Misconceptions about the ideas of Adam Smith continue to this day. He never advocated an amoral free market economy, and knew that government would have to play a large role in protecting the weak against the strong.
Tag Archives | books
Nigerian basketball star Charles Okwandu on how the public humanities can help immigrants feel at home while honoring their nations’ histories and cultures.
Gardner was once the chair-making capital of the world but has now been virtually abandoned by industry. One Mass Humanities grantee is using the power of history to help people make sense of their situation, heal, and rebuild the community.
“Fake news” is all the rage at the moment, but failing to expose it for what it is can have serious consequences for democracy. Take, for example, a campaign scare tactic used in the 1800 Presidential election.
The ancient fables encapsulated and codified gender archetypes arising as oral legends from the mists of time, yet much is missing in that narrative and not all of the aspects of the timeless tales serve us well in contemporary society.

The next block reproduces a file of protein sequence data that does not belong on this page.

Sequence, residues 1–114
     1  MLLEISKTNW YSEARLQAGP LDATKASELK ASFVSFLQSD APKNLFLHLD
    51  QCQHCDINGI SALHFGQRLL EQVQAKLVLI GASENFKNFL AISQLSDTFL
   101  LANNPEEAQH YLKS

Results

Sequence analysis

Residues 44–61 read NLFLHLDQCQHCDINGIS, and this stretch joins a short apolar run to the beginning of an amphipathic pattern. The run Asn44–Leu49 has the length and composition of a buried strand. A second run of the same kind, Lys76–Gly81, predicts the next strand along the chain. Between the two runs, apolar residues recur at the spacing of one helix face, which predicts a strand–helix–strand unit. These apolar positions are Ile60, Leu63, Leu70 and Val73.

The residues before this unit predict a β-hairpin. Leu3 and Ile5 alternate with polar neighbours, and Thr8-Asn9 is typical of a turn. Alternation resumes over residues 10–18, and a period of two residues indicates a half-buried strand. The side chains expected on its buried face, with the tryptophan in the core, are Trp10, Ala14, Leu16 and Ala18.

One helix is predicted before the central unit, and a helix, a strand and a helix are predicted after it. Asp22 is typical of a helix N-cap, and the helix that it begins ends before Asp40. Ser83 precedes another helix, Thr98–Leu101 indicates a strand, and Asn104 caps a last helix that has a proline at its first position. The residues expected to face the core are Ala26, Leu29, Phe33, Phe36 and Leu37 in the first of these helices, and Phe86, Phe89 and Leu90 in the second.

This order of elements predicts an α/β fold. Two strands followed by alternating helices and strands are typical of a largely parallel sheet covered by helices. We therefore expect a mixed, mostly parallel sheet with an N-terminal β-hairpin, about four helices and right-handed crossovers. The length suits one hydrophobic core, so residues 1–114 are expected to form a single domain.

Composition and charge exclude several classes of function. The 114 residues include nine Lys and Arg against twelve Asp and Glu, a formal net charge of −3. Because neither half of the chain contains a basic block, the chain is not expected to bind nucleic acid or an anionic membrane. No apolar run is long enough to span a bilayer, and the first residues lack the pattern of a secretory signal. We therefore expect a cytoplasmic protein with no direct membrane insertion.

Just start doing it. It can be a fictional project on your own if you want. Just do it; there is no recipe other than that.
This Black History month (and beyond!) let’s give our kids the gifts of learning and living.
The WeNeedDiverseBooks and BlackLivesMatter movements are the same. One campaign deals with the movement’s beginning. The other campaign deals with the movement’s ending – if things are not changed in the beginning.
On a recent Saturday, a group of adults and preteens gathered at the J.V. Fletcher Library in Westford, MA and began cutting up books. I mean, really tearing into them, leaving big holes in the pages. Right there in plain view of the librarian. And no one stopped them. They cut and ripped and cut some more. And then something magical happened. The books were reborn. They became art.
Today’s news about U.S. Warplanes attacking Iraq has prompted me to dig into my files for an annotated bibliography listing the books selected by Mass Humanities for its “Understanding Islam” reading and discussion program that took place in dozens of public libraries in Massachusetts from 2002-2004.